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MTC Alum Facilitated $500,000 Equipment Loan for Civil Engineering Technology Students

Oct 08, 2019

Picture of Henry Dingle

Midlands Technical College alumnus Henry Dingle knew from the beginning that land surveying was where his passions lie, and MTC was how he was going to start achieving his goals.

“When I came here, I came here to do something that I wanted to do, and that was learn about surveying,” said Dingle. “Surveying is the foundation for every successful engineering and design project.”

The 1980 MTC graduate has been in the surveying business for 45 years, and he currently serves as the Regional Survey Leader for AECOM Southeast Design Construction Services. Over the years that have passed since his time at MTC, Dingle has remembered the school that helped him get to where he is today.

“The thing that helped me the most at MTC was the class size. I had a great group of people in my classes, we hung out together and did things to support each other,” he said. “Our professors were really nice and thoughtful and considerate. They would make time for you whenever you needed.”

Dingle believes that the surveying field still holds the same value, if not more, for students in today’s job market that it did for him when he first started out in his career.

“It’s a great opportunity for students today. Surveyors were looked at as working in the woods all the time, cutting bushes, muddy boots, and that kind of thing. It’s different now,” said Dingle. “We fly drones, we laser scan projects, we survey with satellites, and we are respected as professionals. Surveying is more different today than it’s ever been.”

With the evolution of the surveying industry comes the need for future registered professional land surveyors, and Dingle knew that the perfect pathway for those professionals could be found in the expansion of MTC’s Civil Engineering Technology Program.

Student looking through surveying equipment

“In January of 2018, I was appointed to the Board of Registration for Engineers and Surveyors. Our board members repeatedly heard from surveyors concerned that there was not a clear path to licensure in a state that requires a four-year degree to take the licensing exam,” he said.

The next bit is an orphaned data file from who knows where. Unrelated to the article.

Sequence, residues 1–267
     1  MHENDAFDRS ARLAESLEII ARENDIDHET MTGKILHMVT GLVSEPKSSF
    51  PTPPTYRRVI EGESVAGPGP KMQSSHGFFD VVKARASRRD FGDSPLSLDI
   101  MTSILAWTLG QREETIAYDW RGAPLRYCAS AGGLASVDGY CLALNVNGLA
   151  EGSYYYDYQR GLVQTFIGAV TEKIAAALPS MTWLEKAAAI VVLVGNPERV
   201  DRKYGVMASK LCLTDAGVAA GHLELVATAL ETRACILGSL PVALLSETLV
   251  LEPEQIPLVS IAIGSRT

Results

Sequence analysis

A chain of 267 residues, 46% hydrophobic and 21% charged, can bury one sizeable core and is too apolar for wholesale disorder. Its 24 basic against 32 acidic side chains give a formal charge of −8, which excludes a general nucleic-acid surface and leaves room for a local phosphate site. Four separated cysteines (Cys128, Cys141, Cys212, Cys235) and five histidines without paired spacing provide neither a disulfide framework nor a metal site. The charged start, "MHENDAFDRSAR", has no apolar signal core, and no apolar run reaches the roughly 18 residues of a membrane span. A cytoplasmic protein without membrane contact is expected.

Dingle began to meet with Engineering Technologies faculty member Sean Higgins, along with other stakeholders, about what could be done to help solve the concerns that were being voiced. Soon, planning began for the future expansion of the entire MTC surveying program, including curriculum that would help students transition into a four-year degree to meet licensure requirements.

“We want to make MTC’s program a star program for this part of the country, and I think we can do that,” said Dingle.

Additionally, Dingle reached out to Leica, a company that manufactures tools used for surveying, to help secure $500,000 worth of new equipment for the program.

“I think that this equipment is something that gives this program credibility,” said Dingle. “This is going to be a great program; there’s no question about it. Everybody’s trying to get on board because they see how important this can be for the school and the community.”

When asked why he has decided to give back to MTC in such a considerable way, Dingle said he believes it’s essential for people to get involved in order to leave their mark on others.

“When this came up, I thought, what’s better than helping to educate someone so they can take care of themselves and their families for the rest of their lives?” he said. “I’m not any more special than anyone else, I’ve just decided to do something, and I’ve done it, that’s all.”

Learn more about MTC’s Civil Engineering Technology program at